this is bbc news, i'm shaun ley, the headlines at 6. the health secretary says he'll block any attempts by gps to have home visits removed from their contracts. it isn't going to wash, it isn't going to happen. they say they want to negotiate to end home visits, but of course gps need to do home visits. the conservaitves and lib dems attackjeremy corbyn for saying he'll stay neutral in any future brexit referendum. but the labour leader says it's the right thing to do: i think being an honest broker and listening to everyone is actually a sign of strength and a sign of maturity. the authorities in hong kong threaten to suspend voting in tomorrow's local elections — in case of serious disruption at polling stations. back on track — the model display destroyed
by vandals — now on show once more thanks to help from sir rod stewart and thousands of other supporters. and coming up in sport at 6.30 on sportsday — jose mourinho‘s first game in charge at tottenham ends in a 3—2 win at west ham. gps have voted to reduce visits to patients‘ homes, saying they "no longer have the capacity" to offer them. doctors supported the proposal at a meeting of english local medical committees yesterday. but — the health secretary, matt hancock, said the idea of taking home visits out of gps‘ contracts was a "complete non—starter". jenny kumah reports. family doctors say their workload is on the rise and this, coupled with
falling gdp numbers, mean something has to give. and his surgery in leeds this doctor is bellamy of the challenges facing surgeries like his. one of the daily pressures that gp practices are under is the obligation to do home visits. what would be much better is if we had a dedicated home visiting team with people with the time to be able to do this throughout the day, rather than gps having to squeeze it in. under the proposals home visits would not be scrapped completely but delivered by a separate service. similar to the way out—of—hours care has been contracted out. sometimes a gp has to go and see someone and they might be too frail to travel. and that has always been part of the vocation of being a gp and it will continue. so these proposals won't go any further, but what we will do is train, fund and recruit more gps.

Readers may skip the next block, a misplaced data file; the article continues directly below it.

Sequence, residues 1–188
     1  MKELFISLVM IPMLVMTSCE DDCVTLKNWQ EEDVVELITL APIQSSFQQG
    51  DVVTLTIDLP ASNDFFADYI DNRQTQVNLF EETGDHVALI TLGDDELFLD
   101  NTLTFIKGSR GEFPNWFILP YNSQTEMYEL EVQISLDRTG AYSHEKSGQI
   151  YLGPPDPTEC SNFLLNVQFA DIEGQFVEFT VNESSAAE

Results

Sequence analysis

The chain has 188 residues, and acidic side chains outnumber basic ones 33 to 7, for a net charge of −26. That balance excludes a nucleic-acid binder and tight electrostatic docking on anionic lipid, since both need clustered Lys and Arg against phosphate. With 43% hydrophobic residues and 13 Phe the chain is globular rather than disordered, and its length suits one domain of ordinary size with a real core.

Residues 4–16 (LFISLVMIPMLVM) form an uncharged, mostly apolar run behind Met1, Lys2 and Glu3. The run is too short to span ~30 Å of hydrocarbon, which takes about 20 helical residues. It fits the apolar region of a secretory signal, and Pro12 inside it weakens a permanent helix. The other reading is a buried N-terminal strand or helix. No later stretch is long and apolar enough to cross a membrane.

they are saying, as a point of desperation, they can no longer continue those home visits. this is a siren call to all of us, that the funding of the nhs has to be increased so that gps can undertake those home visits. doctors say they recognise that vulnerable, complex and end—of—life patients will need home visits. they just want to see a change of policy to ensure patients get a suitable service. jenny kumah, bbc news. earlier i spoke to dr rebecca fisher, a gp and senior policy fellow at the independent charity, the health foundation. i asked her what pressures gps are facing in terms of what they can and can't do for patients. i think it's clear we're feeling pressures in general practice now at an unprecedented level. it's been a decade of significant underfunding for the nhs as a whole, but particularly in general practice relative to the volume of work that we do for the nhs. we see about 90% of patient
contacts, but with less than 10% of the funding over the last decade. that's translated into more gp leaving the profession than we have had entering. so we've got real funding constraints and real workforce pressures. the difficulty, i suppose, in terms of kind of the practical alternatives to gp visits is if we don't have the capacity of enough gps and the government talking about training more and there's an acceptance that the numbers have dropped considerably, not least because older gp have been retiring as well. that combination shortage one end and shortage at the other. how would how would it be possible to create do you think, a new additional service similar to the one that exists for out of ours? it's a real challenge, isn't it? because you have to ask who is going to start that additional service? i think there's no doubt that allied health professionals can play a part and are playing an increasing role. for example, where i worked as a gp
in oxford, we have a home visiting service that is staffed by some fantastic paramedics. it's important that where those services exist, they're not drawing on other parts of the nhs, which themselves are in need of those staff. so that's one thing to consider. the other, i think, is how we provide continuity of care for patients who really do need it. so it shouldn't be a substitution and more an addition to. i suppose this is difficult, isn't it? because obviously the language of the statement agreed by the conference yesterday, the local gp conference for england, part of the bma, was to say, remove from the contract, people will think oh no. that means my doctor will no longer do home visits. but he's actually saying we could continue to do them in certain circumstances. such is what we don't want us to be required or mandated to do them because we're afraid it's reducing the service we're offering elsewhere. yeah, and i think viewers will understand there's a lot of nuance here because for a start, this doesn't necessarily reflect the view of all gp. this is the view of a group of gps